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Choosing an Official Language in Timor Leste

Timor Leste
Choosing an Official Language in Timor Leste
on February, 24 2014

The issue of the official language used in Timor Leste (East Timor) is a hotly contested issue even until today. It is not just about what language is easier for the citizens to learn, but also about its historical significance. Timor Leste was a Portuguese colony from the 16th century until 1975. During those years, Portuguese was the lingua franca of the country. For a brief moment, Timor Lester declared independence up until Indonesia invaded the country later in 1975. During the Indonesian regime, they introduced the Indonesian language and declared Timor Leste as Indonesia’s 27th province.

A Closer Look at Timor Leste’s Languages

According to the 2010 census, Tetum Prasa is the most widely spoken language of the country, with 36.6% of the population speaking the language. Other widely spoken languages include Mambai, Tetum Terik (another version of Tetum Prasa used in rural areas), Baikenu, Kemak, and Bunak. There are only less than 600 people in the country who are native speakers of Portuguese. Tetum Prasa, the lingua franca, came from the Austronesian family of languages and is also influence by Portuguese. There are also other indigenous languages in the country, especially those that came from the Papuan tribes.

With the increase of the number of Tetum Prasa speakers, more people chose to abandon their native language and follow the lingua franca. This paved the way for some smaller languages to go extinct. In the middle of 2000, Aone van Engelenhoven, a Dutch linguist, conducted a research to survey the languages still spoken around the country. He discovered that some languages that are thought to be extinct still exist. This includes Makuva that was said to be gone in the 1950’s and Rusenu that many thought has been gone for a long time already.

Controversies Surrounding Language Learning

Forcing the people to speak a language inspired by either the Portuguese or Indonesian former colonizers is not easy. For the older East Timorese, the Indonesian language is highly associated with the reign of Suharto and it has a bad connotation. However, for the younger generation, learning Portuguese is not a good idea. It seems too “foreign” for them and the language is seen as a “colonial language.” There are some East Timorese though who are more comfortable with Portuguese. They are those who have become intertwined with Portuguese cultures. Some locals have even married Portuguese people during their stay in the country. Therefore, when the Indonesian language was introduced, they were highly resistant.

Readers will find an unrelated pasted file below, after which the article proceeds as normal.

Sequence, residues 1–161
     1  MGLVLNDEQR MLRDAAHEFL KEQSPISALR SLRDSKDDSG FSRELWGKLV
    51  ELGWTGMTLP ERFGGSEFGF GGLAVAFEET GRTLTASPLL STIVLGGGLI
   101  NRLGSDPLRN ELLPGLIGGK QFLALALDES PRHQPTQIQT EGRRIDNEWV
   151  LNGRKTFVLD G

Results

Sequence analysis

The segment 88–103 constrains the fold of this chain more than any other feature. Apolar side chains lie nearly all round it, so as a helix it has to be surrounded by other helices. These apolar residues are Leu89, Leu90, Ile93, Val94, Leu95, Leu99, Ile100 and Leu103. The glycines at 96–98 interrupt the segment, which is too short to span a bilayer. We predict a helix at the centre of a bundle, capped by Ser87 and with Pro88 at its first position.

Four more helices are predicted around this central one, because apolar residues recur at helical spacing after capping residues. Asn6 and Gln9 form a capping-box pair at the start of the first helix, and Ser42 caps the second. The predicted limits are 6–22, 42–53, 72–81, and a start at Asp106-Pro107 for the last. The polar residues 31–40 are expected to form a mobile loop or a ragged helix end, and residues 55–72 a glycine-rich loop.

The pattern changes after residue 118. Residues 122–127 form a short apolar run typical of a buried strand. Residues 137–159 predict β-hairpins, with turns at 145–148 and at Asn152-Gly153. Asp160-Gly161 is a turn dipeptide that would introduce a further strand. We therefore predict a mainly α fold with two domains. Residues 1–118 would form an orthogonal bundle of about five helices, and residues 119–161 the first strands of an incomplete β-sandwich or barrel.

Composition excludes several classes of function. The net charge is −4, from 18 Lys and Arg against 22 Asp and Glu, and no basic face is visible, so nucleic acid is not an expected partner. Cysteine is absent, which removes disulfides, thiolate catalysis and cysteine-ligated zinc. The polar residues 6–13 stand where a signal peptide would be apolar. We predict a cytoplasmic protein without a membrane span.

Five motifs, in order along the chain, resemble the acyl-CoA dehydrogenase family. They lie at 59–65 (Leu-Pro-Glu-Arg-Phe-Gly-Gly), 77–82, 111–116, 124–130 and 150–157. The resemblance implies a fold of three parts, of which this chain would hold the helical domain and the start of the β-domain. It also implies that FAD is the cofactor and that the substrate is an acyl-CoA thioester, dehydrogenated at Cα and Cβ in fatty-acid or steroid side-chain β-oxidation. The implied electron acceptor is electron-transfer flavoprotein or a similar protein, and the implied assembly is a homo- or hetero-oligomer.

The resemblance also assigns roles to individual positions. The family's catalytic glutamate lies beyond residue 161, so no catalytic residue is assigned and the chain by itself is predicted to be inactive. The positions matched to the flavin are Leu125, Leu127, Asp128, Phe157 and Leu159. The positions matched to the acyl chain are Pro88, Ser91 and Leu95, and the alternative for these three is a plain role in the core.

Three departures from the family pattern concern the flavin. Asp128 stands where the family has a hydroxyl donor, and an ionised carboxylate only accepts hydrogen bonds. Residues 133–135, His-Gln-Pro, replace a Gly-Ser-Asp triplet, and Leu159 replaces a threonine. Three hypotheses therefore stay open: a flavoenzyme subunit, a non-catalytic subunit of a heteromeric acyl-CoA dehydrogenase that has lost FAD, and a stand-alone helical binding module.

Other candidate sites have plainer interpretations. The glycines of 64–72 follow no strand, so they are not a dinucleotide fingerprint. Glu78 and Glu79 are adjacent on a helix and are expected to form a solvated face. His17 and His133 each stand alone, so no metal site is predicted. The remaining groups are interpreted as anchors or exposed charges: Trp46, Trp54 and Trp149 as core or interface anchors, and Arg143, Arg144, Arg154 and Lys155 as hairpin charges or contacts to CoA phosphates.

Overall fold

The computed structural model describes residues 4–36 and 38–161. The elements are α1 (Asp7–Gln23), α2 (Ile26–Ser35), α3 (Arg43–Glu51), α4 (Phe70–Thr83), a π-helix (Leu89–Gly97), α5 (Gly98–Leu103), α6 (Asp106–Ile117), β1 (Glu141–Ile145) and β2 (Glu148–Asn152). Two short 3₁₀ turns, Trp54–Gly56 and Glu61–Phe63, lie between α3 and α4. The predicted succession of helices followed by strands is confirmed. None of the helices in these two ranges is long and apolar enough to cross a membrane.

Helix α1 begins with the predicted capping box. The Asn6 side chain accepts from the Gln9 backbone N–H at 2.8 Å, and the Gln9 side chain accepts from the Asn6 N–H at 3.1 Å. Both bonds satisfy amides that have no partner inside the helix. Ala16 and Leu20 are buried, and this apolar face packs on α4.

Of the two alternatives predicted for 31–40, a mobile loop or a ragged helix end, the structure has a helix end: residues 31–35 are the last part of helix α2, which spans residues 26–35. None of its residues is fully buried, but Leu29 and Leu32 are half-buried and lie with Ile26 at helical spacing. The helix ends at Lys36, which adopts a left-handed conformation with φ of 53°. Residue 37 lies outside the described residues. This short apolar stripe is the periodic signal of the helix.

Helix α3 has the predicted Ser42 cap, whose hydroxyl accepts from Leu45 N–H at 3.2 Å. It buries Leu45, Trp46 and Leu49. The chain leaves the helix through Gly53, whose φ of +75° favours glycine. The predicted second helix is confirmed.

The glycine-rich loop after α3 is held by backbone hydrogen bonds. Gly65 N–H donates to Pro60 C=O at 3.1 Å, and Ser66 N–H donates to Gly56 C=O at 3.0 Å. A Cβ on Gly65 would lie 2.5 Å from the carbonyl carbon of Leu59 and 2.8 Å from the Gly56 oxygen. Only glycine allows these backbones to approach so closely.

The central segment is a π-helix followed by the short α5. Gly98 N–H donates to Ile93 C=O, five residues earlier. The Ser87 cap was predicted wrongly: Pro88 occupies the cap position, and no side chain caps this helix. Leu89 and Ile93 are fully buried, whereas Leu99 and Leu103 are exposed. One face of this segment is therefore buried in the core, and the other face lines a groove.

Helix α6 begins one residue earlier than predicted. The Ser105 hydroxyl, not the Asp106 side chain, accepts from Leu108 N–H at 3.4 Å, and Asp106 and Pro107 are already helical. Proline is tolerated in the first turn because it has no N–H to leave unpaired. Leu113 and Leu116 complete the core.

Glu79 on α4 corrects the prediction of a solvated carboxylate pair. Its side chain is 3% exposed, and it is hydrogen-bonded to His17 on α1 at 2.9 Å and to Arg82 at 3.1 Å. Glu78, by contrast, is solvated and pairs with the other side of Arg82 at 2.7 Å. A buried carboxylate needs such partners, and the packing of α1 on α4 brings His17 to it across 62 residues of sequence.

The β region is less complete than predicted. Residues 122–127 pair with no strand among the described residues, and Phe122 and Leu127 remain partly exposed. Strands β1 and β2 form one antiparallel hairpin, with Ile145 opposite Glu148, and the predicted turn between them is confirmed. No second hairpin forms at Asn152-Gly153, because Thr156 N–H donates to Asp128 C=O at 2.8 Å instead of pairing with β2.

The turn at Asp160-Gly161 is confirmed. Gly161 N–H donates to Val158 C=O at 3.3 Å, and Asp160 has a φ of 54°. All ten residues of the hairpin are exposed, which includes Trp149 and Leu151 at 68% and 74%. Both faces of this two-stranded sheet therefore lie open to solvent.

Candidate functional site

The official language to be used as a medium of instruction is also controversial. The government pushes for the use of Tetum Prasa as it is widely spoken in the country. However, there are those who still push for the use of their native language since studies show that children learn better when they are taught using their native language first. They can just shift to learning a second language in the future. Besides, promoting the use of Tetum Prasa is also seen as a way to disunite the country since not everyone is fine with its use.

Recently, another issue has sparked division since Portugal and other Portuguese speaking countries opened up the idea of reinstating Portuguese as the lingua franca in the country. Though this has raised eyebrows in nearby Asian countries, Brazil and Portugal still introduced teachers in the country to teach the language. According to the locals, these teachers are not good enough since they don’t make efforts to learn the local language first or even the local culture.

There will always be a struggle when it comes to the languages used in the country. Hopefully, it will be settled soon and the government will come up with something to unify the citizens.


Bernadine Racoma

Bernadine is a writer, researcher, professional and multi-awarded blogger and new media consultant. She brings with her a rich set of experience in the corporate world, as well as in the field of research and writing. Having taken early retirement after working as an international civil servant and traveling the world for 22 years, she has aggressively pursued her main interest in writing and research. You can also find Bernadine Racoma at .

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